Despite their differences, the principal Western image theories all share a common basis: the idea that an image is an artefact characterized by mediateness (its being based on a material support), referentiality (its pointing to an extra-iconic dimension), and separateness (normally assured by framing devices). This paradigm is adopted by major models such as the doctrine of mimesis, the phenomenological account of image consciousness, the analytic theories of depiction, and the semiotic and iconological methods. Such paradigm is radically challenged by recent developments in image-making techniques, which have resulted in a drastic blurring of the threshold between the world of the image and the real world. Immersive and interactive virtual environments have enabled the production of pictures that elicit an unprecedented reality effect, creating in the perceiver a strong feeling of “being there”, namely of being incorporated into a quasi-real world. In doing so, they conceal their material mediateness (by simulating immediateness), their separateness (by aiming at unframedness), and their referentiality (by emphasizing presentness), paradoxically challenging their status as images, i.e. as icons: they are veritable “an-icons”. Subjects relating to an-icons are no longer visual observers of images isolated from the real world by a framing device (be it the pedestal of a statue, the frame of a painting, or the cinema screen); they are experiencers living in a quasi-real space-time that offers multisensory and synaesthetic stimuli and allows interactive sensorimotor affordances, promoting an environmentalization of the image. Nowadays, these experiencers are digital natives who grow up interacting with touch screens from their earliest years; but in relation to immersive virtual environments they are still “immigrants” who need to acquire familiarity with an-iconic transformations of sensibility. However, given the pace of technological development and the huge amount of economic and scientific investments in virtual reality on a global scale, digital an-iconic natives are to be expected in a very near future. Head Mounted Displays are already in use as new interfaces for personal computers (Oculus Rift and HTC Vive) and video game consoles (Sony PlayStation VR), or mimicked by low-budget smartphone wearables (Google Cardboard and Samsung Gear VR). Virtual Retinal Displays (VRD, like Magic Leap One) and increasingly cheaper and standalone devices (Oculus Go) have already been released in 2018. MY contribution aims to programmatically outline “an-iconology” as a new paradigm able to address this challenging iconoscape. Because of the complexity of such an iconoscape, its approach needs to be articulated in a transdisciplinary way and to adopt a transmedial perspective. An-iconology will have to rely on: A) a media-archaeological investigation, which has to provide a taxonomy of the manifold an-iconic strategies and dispositifs (e.g. illusionistic painting, pre-cinematic devices, 3D films, videogames, head mounted displays), taking at the same time into consideration significant counter-tendencies; B) an epistemological constituent which, drawing on phenomenology, visual culture studies and techno-aesthetics, has to clarify the specific nature of an-iconic involvements and identify the key concepts that articulate the three properties of immediateness, unframedness, and presentness (illusion, transparency, immersivity, interactivity, participation, embodiment, avatar, multisensoriality, hyper-realism); C): a socio-cultural section, which sets out to explore the impact of an-iconic environments and applications on contemporary professional domains as well as on everyday life, raising ethical, legal, and socio-political issues. Assuming the fundamental historicity of perception, these three clusters will converge towards the following overarching question: to what extent is this new iconoscape promoting a novel interplay between the body and technology, and so modifying human sensibility in its individual and social articulations?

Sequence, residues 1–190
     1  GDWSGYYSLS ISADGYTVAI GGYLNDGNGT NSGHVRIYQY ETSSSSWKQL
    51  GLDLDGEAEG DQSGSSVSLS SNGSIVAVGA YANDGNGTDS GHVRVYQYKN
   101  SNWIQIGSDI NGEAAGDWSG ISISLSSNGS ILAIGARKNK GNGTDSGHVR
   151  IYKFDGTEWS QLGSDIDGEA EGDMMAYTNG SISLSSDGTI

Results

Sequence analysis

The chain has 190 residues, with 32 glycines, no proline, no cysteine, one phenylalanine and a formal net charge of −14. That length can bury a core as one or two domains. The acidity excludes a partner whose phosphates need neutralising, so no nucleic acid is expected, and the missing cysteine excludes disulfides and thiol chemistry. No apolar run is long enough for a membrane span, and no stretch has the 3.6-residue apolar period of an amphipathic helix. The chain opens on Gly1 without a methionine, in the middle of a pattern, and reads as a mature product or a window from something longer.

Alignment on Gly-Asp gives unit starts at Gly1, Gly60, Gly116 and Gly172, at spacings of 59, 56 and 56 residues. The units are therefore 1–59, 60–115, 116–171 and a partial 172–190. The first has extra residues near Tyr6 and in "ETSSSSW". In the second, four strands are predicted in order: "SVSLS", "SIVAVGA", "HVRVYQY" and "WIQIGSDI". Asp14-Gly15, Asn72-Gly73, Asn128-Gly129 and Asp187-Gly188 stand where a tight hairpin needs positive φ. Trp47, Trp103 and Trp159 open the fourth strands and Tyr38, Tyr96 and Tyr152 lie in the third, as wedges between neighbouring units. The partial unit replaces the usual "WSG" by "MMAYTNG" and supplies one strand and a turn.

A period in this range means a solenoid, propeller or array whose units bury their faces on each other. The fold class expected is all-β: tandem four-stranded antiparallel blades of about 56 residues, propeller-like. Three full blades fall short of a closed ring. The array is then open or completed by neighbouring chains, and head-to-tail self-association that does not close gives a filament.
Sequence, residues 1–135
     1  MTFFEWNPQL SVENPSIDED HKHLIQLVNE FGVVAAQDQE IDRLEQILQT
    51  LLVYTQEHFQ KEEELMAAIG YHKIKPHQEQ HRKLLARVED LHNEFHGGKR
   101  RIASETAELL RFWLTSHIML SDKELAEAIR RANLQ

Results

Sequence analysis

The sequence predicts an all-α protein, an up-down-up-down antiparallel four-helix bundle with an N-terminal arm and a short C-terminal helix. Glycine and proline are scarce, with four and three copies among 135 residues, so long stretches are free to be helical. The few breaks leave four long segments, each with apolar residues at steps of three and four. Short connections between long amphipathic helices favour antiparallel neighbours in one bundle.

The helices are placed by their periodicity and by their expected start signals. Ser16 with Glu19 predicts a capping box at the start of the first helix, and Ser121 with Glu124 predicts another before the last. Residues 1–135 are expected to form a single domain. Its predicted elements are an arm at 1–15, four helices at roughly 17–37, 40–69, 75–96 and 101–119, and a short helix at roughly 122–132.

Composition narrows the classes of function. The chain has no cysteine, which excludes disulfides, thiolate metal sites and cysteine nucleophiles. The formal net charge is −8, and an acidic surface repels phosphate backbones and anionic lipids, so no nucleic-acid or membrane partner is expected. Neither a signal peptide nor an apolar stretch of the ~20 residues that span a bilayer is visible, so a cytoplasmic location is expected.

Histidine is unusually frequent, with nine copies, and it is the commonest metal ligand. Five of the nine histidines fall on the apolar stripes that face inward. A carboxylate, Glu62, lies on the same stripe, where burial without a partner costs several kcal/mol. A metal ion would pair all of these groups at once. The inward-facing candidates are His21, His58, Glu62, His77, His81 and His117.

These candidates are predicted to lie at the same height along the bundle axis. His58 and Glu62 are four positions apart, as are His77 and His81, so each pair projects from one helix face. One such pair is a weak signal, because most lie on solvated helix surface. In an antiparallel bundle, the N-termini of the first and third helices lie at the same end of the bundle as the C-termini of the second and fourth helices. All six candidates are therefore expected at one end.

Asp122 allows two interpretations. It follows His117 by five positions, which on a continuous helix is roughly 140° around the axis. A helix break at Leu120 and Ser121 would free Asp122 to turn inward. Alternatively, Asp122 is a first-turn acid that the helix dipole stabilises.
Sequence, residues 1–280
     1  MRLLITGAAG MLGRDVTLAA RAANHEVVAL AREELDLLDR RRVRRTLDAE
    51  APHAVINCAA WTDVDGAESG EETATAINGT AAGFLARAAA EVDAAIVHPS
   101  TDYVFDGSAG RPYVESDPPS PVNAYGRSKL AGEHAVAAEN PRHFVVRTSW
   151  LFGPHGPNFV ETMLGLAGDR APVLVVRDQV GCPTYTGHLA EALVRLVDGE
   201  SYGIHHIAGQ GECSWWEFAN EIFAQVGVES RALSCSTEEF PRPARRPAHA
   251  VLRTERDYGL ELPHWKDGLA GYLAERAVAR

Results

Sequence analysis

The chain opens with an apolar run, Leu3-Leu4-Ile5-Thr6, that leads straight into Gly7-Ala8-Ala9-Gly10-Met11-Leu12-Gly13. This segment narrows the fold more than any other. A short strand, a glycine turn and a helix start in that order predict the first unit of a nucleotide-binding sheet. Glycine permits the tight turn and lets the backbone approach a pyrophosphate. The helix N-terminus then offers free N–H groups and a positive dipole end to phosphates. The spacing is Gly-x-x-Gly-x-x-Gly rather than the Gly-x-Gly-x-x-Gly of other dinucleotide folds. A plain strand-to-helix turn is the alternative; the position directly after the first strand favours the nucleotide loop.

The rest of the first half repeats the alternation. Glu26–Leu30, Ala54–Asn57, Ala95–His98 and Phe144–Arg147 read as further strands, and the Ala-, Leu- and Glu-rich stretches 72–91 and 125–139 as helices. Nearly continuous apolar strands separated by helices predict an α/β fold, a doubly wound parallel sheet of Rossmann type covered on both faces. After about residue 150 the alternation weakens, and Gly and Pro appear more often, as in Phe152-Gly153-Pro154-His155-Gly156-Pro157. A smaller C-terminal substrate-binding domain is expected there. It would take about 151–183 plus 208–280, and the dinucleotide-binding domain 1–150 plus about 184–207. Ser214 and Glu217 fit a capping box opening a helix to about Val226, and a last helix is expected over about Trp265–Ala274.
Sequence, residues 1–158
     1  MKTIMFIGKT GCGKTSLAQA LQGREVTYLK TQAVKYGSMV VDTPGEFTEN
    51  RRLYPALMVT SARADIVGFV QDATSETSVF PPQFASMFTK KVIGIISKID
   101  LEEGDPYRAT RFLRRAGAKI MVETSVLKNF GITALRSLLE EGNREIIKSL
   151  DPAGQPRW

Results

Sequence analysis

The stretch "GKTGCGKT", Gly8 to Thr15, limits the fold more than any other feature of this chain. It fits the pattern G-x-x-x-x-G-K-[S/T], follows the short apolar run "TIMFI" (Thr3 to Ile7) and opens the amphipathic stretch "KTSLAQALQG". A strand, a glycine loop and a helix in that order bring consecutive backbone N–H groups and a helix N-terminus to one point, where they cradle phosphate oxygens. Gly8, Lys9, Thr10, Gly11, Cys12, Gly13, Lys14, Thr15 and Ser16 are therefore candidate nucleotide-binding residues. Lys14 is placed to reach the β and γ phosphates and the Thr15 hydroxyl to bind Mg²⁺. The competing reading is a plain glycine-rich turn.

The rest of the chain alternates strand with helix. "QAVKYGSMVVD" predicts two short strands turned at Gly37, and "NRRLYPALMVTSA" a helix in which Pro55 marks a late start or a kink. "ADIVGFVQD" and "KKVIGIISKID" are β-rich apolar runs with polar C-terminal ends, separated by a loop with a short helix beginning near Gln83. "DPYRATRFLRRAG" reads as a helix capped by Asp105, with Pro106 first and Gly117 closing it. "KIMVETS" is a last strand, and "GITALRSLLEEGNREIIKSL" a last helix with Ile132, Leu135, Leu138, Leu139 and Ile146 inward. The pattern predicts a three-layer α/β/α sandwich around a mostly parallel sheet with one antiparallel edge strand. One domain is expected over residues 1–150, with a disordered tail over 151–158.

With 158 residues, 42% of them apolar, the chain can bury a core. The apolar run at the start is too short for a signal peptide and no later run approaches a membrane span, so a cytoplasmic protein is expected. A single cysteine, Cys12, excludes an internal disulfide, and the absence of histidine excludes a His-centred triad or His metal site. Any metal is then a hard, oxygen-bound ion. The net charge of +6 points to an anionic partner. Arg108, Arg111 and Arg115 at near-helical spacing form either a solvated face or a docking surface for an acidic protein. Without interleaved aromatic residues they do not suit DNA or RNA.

Virtual Reality; Presentness; Immediateness; Unframedness; Historicity of Perception; An-Iconology
Settore M-FIL/04 - Estetica
Settore L-ART/06 - Cinema, Fotografia e Televisione
An-Iconology: History, Theory, and Practices of Environmental Images (AN-ICON)
https://academic.oup.com/screen/issue/61/4
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Utilizza questo identificativo per citare o creare un link a questo documento: https://hdl.handle.net/2434/831016